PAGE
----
are more consistent, and the testing of equipment is more comprehensive. Reports can be generated
directly from measured data with the minimum of operator i
nterface being necessary.


The uncertainties of measurement of automated systems for DC/LF calibration can actually surpass those
of manual methods by reducing random and drift contributions. Automation has also made it possible to
undertake verification

of instrument interface control and measurements, which had not been possible
previously, i.e. close
-
in phase noise and a more detailed characterisation of RF components. This has lead
to an increasing demand for accreditation of automated systems. Accre
ditation of automated calibration
systems and associated system software is based on the following principles, which could become
embodied in well
-
documented approved procedures within any accredited laboratory.


2.1

Accreditation Requirements


2.1.1

Softw
are Management


Software is an essential component of an automated calibration system and tight control over its design,
modification and release must be maintained and controlled by good laboratory management. To ensure
that regulations are in force to
control the development and use of system software, it will require, as part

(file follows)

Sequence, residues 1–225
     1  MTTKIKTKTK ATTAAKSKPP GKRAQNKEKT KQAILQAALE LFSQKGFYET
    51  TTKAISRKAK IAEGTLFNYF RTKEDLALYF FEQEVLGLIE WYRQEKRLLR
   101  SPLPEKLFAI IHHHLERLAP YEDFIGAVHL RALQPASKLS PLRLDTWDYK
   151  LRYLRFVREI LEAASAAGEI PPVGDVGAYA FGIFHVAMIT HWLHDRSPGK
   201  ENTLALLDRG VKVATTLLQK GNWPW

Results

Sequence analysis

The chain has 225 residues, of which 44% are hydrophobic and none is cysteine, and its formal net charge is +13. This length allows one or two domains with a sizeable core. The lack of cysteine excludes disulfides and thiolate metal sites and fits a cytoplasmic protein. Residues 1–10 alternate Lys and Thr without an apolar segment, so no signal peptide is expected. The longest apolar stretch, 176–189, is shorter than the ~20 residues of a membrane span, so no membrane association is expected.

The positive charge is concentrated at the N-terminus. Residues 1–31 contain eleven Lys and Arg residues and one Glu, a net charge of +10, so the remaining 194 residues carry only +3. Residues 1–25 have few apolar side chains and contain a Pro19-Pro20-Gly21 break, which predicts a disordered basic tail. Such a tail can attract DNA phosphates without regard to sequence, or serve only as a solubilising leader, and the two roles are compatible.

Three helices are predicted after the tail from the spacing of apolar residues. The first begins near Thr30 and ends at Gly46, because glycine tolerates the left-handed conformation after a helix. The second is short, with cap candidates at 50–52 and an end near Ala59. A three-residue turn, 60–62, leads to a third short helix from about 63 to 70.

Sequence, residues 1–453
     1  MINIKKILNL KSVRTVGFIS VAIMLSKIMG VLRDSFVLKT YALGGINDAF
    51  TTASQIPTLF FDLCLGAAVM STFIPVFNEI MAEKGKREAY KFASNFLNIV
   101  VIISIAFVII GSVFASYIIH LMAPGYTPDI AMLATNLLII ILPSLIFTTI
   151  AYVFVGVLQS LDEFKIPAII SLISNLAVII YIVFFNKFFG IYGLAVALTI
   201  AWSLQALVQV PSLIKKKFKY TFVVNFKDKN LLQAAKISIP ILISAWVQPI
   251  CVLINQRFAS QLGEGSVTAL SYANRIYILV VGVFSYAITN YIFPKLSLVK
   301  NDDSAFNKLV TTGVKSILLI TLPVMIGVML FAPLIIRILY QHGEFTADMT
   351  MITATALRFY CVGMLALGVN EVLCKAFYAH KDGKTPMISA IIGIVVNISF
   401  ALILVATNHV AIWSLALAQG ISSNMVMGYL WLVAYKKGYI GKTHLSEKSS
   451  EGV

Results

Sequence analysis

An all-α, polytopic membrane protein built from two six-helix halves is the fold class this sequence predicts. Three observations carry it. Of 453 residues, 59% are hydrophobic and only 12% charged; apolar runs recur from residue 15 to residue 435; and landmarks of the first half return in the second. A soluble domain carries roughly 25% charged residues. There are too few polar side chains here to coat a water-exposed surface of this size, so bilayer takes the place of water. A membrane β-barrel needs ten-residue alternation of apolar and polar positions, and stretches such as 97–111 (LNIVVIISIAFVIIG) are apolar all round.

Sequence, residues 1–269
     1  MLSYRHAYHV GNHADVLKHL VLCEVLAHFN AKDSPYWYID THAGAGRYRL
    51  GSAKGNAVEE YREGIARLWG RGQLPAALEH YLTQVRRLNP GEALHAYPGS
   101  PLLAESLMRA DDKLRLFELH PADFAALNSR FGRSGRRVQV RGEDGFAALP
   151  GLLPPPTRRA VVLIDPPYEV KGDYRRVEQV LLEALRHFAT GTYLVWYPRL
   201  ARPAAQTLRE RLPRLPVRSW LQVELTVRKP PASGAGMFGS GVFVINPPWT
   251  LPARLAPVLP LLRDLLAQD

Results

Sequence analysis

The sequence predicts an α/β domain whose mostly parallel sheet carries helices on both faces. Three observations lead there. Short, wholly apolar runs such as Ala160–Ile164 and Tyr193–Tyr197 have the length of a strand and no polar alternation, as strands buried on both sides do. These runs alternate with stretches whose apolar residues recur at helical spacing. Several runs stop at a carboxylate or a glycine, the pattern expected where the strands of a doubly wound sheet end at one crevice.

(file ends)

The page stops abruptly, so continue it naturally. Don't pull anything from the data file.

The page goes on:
of a laboratory’s application, a software management regulations guide that must be followed by laboratory
staff.


2.1.2

Staff


In addition to having knowledge of the measurements, whi
ch are to form part of the automated system,
staff must have several levels of software writing expertise, from calibration procedure writing to system
software editing/writing. Knowledge of the system hardware for servicing and maintenance would also be

useful.


2.1.3

Traceability


The traceability for automated systems must be provided by regular re
-
calibration, which would be based
upon an approved procedure including details of how the system software controls the traceability. A full


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re
-
calibration
of equipment within the system may be performed under software control, against higher
echelon standards.


Traceability is defined in the BS Vocabulary of Metrology, PD 6461:Part 1: 1995, as:
-


“Property of the result of a measurement or the value of a
standard whereby it can be related to
stated references, usually national or international standards through an unbroken chain of
comparisons all having stated uncertainties”.